Building collapse: Dongri a hub of illegal constructions

Published: Jul 17, 2019, 17:18 IST | mid-day online desk

The buildings are located close to each other with a little space separating them. In many cases, illegal extensions of a building overlap adjacent structures

Building collapse: Dongri a hub of illegal constructions
Pic courtesy/Anurag Kamble

Dongri building collapse in south Mumbai on Tuesday which killed 14 persons once stood, is the hotbed of illegal constructions and forms part of the municipal ward that has the highest population density. As was evident on Tuesday, the vehicles parked haphazardly and the narrow bylanes posed hurdles for ambulances and rescue vans in reaching the spot of the incident.

The collapse of a part of Kesarbai building is not an isolated incident. In September 2017, 33 people were reported died when seven-storey Husaini building collapsed in Bhendi Bazar area, which is also part of the B ward of the Brihanmumbai Municipal Corporation (BMC). Dawood Ibrahim, the Underworld don once owned properties in Bhendi Bazaar. As police have launched a probe to fix responsibility, the Mhada (Maharashtra Housing and Area Development Authority) and the BMC are apparently playing the blame game over the ownership of the collapsed building. A senior police officer on Wednesday said the inquiry will find out who is the actual owner of the collapsed building and whether the residents were paying property tax.

Radhakrishna Vikhe Patil, the State Housing Minister said the building was illegal and it was owned by a private trust. Meanwhile, underscoring the illegalities, a local resident stated the entire B ward has become the hub of unauthorised constructions, and that such alterations can be found in almost every building. Many of these buildings were built during pre-independence era. "There are several buildings that have been built by violating the norms. Though the BMC is aware about these violations, they prefer not to act as some officials have taken money from builders for allowing illegal constructions," claimed Rashid Pathan, an advocate who resides in Dongri.

Rais Sheikh, the BMC corporator who once used to live in the area, said illegal developments have taken place under the guise of carrying our repairs and maintenance. "These buildings have been built without permission from the BMC under the guise of carrying out structural repairs, which has further increased the load on already weakened structures," he said. Illegal parking is another major issue in the area, which has a population of 1.28 lakh packed into just 2.84 sq km, which often pose hurdles in case of emergency as was the case on Tuesday. "Honestly speaking, there is no rule. We all can do whatever we want to do. We only need hefty money to grease the palms of BMC officials and police. After paying money, you can add number of floors on every building," another resident said.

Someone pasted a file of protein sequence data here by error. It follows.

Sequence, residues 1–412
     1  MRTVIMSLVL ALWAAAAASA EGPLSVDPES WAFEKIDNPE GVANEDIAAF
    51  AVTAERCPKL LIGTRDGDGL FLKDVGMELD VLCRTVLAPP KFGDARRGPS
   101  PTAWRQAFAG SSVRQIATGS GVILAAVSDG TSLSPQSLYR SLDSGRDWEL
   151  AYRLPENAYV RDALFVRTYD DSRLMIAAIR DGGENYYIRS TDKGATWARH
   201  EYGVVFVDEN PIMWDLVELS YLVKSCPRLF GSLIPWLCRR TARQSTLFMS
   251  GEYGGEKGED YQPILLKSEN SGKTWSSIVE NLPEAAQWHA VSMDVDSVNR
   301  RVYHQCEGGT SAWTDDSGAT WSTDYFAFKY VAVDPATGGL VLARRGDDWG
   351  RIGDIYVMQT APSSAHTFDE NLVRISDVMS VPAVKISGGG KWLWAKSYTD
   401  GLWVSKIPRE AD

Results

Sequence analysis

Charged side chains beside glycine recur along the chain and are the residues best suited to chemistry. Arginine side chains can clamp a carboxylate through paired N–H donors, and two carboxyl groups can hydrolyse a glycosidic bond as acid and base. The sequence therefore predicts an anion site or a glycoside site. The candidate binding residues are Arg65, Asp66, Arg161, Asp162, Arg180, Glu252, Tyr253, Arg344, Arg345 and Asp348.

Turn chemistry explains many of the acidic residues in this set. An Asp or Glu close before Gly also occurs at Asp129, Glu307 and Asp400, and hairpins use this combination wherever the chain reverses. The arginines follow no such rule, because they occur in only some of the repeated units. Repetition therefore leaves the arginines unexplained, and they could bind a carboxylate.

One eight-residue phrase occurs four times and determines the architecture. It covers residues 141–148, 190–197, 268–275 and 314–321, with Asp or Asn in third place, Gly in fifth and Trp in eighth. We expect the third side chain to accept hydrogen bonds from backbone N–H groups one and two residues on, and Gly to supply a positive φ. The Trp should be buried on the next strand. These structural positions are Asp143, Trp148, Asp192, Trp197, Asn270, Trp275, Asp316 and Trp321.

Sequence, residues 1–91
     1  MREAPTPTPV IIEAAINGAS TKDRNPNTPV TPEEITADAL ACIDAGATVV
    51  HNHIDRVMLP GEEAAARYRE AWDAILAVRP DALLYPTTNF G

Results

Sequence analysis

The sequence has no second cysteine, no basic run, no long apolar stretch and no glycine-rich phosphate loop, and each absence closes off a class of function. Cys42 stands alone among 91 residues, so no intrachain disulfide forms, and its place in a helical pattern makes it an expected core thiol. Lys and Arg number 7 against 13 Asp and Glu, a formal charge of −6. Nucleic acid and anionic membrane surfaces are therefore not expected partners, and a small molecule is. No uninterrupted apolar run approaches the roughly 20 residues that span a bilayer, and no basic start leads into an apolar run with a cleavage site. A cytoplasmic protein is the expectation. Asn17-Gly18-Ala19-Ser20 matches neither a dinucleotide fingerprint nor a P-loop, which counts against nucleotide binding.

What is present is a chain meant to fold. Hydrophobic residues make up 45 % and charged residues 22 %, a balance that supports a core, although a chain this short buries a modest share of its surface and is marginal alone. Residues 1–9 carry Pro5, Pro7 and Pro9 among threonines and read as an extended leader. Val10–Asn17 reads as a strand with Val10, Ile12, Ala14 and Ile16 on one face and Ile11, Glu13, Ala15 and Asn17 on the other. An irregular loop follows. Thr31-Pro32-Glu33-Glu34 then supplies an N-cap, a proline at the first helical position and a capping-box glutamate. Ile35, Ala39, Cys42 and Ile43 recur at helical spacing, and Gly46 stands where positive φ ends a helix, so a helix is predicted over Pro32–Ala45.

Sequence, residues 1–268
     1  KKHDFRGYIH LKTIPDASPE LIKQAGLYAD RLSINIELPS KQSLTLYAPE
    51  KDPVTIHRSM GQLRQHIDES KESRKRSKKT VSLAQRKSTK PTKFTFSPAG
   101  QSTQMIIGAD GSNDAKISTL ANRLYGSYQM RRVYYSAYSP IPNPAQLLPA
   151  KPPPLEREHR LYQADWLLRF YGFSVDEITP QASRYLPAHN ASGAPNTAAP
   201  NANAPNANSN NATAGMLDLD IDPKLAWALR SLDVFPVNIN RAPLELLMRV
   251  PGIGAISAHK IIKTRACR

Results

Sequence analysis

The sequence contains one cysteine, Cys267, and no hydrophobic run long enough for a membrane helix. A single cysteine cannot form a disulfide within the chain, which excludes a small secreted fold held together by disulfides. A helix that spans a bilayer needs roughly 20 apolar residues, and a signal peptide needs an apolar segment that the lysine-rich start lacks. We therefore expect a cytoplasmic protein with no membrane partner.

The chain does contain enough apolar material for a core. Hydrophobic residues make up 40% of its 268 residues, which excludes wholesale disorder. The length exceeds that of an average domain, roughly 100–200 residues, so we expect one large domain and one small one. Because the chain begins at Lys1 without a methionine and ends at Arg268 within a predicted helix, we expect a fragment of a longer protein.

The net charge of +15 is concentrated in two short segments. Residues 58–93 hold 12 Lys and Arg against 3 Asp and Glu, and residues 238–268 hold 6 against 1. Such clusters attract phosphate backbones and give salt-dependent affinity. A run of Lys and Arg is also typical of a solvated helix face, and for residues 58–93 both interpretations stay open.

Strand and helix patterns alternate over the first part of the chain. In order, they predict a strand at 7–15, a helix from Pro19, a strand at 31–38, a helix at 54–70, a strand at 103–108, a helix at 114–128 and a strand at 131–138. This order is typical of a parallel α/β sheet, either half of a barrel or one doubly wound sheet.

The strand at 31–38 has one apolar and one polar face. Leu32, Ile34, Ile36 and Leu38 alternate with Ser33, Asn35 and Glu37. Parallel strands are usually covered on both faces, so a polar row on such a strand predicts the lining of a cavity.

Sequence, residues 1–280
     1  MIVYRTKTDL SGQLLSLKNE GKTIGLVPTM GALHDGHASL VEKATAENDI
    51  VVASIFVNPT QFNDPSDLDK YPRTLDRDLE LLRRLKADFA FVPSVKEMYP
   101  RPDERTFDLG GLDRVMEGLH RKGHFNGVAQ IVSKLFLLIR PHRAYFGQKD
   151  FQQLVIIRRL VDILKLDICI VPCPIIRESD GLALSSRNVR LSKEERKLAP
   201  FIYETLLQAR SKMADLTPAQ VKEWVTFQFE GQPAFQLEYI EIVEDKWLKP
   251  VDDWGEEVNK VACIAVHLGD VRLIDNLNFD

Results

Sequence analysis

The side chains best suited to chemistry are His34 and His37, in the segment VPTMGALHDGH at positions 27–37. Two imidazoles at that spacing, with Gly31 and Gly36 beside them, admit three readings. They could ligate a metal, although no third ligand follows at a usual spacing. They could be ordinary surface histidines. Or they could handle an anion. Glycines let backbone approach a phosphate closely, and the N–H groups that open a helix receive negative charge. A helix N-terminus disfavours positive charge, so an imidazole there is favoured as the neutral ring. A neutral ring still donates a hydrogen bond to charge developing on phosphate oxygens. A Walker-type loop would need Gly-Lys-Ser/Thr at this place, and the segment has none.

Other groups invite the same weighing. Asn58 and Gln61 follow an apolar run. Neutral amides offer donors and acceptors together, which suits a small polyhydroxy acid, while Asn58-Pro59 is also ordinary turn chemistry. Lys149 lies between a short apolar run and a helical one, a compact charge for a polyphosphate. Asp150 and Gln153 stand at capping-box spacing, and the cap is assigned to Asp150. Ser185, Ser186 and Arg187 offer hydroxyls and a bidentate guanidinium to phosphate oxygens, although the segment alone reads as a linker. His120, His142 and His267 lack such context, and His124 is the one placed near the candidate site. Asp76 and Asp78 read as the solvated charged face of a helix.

Also Read: Dongri building collapse: 35-year-old doesn't know wife, son died

"One can imagine what would happen if, may God forbid, these buildings catch fire. Even a fire brigade van cannot enter the bylanes," he added. The buildings are located close to each other with a little space separating them. In many cases, illegal extensions of a building overlap adjacent structures. When contacted, a senior BMC officer stated that most challenging task in redeveloping the old buildings was to pursue the tenants to evict their houses. These residents are reluctant to vacate their houses because property prices in south Mumbai are very high. Deputy Municipal Commissioner of the area, Harshad Kale, said, "the biggest challenge is that tenants refuse to vacate the buildings fearing that they will lose the prime property. Moreover, they also feel insecure about staying in transit camps till their original buildings are redeveloped."

Also Read: Mumbai: Chronology of building collapses in the city

Echoing the same, Saifee Burhani Upliftment Trust (SBUT), which is redeveloping 250 dilapidated buildings in south Mumbai, said citizens should take responsibility of their lives and support redevelopment wherever needed. "We are extremely saddened by the unfortunate collapse of the building. This incident has once again put the focus on the issue of dilapidated buildings in the area and tenants refusing to move out," the SBUT said.

With inputs from PTI

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